Hiding

Erik ReeL painting
Erik ReeL, opus 1755, acrylic painting on canvas, 42 x 36 inches, 2012

Q: In terms of this hearing thing in your early childhood, why hide?

ReeL: Kids are ruthless. I remember how merciless the kids were with the nisei kids [Japanese-American, first generation born in the Americas] on the play ground who couldn’t distinguish between an “L” and “R” sound. Here I was, I couldn’t do that either and a lot more.

You learn early on to keep things to yourself. Avoid saying certain words, things like that. In my case I could only pronounce what I was told by my speech teacher was a “German “L””–in the front of the mouth with the tip of the tongue far forward. I couldn’t pronounce  the word “little” correctly at all.

You know, when you are a kid, you sort of assume your reality is what reality is. You aren’t always that cognizant that your reality may be fundamentally different from  other people’s realities.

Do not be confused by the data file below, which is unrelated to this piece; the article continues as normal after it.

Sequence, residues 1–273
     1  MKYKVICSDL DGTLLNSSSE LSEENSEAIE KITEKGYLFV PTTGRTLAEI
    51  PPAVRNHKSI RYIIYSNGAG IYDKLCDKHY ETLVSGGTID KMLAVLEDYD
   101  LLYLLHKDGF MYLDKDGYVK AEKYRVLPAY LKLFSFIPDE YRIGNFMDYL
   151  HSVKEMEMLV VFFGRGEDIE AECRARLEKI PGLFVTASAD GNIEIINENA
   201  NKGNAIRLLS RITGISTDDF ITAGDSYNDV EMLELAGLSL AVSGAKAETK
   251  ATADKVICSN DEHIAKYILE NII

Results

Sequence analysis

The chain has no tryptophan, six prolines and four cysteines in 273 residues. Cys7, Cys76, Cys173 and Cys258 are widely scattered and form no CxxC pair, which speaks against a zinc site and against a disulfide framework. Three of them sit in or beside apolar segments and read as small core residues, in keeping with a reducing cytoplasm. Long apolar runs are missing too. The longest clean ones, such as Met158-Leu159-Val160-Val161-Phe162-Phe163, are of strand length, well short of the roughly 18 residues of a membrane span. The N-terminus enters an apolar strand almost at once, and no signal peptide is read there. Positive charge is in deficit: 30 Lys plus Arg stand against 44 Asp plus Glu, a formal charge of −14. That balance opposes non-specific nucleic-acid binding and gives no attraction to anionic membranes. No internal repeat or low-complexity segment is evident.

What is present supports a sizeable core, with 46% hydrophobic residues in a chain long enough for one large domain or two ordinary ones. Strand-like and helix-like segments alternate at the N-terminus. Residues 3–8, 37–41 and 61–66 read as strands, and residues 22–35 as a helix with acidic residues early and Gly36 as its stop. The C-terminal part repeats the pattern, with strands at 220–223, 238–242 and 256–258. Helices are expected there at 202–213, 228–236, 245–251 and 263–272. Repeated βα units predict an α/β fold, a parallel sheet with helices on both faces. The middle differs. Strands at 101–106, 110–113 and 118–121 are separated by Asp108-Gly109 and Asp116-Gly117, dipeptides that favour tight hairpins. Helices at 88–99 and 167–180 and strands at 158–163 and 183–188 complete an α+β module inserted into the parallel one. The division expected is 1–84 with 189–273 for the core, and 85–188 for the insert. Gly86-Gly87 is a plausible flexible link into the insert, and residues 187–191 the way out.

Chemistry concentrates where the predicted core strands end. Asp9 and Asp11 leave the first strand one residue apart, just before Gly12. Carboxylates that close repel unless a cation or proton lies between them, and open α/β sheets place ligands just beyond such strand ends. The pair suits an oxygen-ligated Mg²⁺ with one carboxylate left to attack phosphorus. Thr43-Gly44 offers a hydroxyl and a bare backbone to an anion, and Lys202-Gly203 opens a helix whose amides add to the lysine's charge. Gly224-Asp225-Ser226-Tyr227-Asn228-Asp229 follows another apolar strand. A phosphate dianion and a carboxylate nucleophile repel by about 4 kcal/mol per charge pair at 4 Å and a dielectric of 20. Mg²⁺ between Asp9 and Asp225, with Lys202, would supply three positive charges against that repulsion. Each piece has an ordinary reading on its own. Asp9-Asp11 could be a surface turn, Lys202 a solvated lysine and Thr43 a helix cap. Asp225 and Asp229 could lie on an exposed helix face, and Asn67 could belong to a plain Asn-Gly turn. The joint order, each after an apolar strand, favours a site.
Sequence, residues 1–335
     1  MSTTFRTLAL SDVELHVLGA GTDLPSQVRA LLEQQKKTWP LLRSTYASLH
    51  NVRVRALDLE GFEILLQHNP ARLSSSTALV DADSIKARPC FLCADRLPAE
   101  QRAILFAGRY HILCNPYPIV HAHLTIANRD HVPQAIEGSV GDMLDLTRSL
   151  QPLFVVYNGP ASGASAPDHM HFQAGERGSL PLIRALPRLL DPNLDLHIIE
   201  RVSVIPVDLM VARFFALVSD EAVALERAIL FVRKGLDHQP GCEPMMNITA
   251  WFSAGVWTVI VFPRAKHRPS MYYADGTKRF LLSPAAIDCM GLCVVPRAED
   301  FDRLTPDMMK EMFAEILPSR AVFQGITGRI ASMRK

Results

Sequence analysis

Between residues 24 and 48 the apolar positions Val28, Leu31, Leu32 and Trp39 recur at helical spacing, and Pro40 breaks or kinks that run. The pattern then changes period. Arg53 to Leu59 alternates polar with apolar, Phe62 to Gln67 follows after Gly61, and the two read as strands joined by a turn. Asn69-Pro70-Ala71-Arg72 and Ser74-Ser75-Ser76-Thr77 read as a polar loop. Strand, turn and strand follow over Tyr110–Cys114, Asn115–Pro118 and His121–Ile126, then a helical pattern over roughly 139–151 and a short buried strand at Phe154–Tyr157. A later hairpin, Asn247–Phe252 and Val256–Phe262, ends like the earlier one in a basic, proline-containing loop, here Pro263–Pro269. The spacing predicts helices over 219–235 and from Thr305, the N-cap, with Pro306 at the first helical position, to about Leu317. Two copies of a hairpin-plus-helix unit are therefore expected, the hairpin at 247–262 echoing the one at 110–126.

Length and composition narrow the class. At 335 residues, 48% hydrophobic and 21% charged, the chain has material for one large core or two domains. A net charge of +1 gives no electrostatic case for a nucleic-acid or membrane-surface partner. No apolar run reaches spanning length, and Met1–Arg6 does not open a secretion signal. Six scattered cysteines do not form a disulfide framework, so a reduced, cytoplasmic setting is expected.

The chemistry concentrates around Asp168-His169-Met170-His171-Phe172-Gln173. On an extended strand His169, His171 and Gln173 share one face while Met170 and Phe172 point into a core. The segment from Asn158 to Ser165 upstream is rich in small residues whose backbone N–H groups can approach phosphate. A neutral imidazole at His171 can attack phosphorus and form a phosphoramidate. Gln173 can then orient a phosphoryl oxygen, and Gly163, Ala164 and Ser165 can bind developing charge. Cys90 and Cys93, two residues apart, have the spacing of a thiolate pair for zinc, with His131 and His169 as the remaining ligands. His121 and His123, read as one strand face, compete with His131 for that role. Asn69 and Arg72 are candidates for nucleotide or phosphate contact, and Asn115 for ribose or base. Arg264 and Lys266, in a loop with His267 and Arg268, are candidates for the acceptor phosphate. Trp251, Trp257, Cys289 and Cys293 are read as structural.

This is one reason it is also hard to get at abuse and learning disabilities and other problems where a kid’s experience is significantly different from others. There’s a fundamental perception problem, plus there are inbuilt incentives to veil it.

These are coupled with an inability of a young kid to fully grasp how significant this difference is from everyone else around you.

Q: Not to mention that there might be problems with the adults not wanting things out in the open either.

ReeL: Oh, definitely, and not just in abuse situations. Parents are driven to want to believe their kids are totally normal.

As a kid, all you know is that something is definitely not quite right. But you also know that there are some very good reasons to hide it, and this is coupled with being too young to know enough about how things are for other people in order for you to fully appreciate how big a difference it is.

There is no way a five-year-old is going to sort any of that out.

Q: A five-year-old? How about a twelve- or fourteen-year-old!

ReeL: Yea, exactly. My hearing problem was first caught when I was 15, not fully understood until I was in college.

As for kids, you need experts just to figure out what the kid is experiencing. Kids don’t even have the vocabulary to describe it, even if they could get through all the perceptual and social issues. It’s just too complex. And the subtler it is, the easier to hide.

Q: And, I suspect, the more intelligent the kid, the easier for them to hide.

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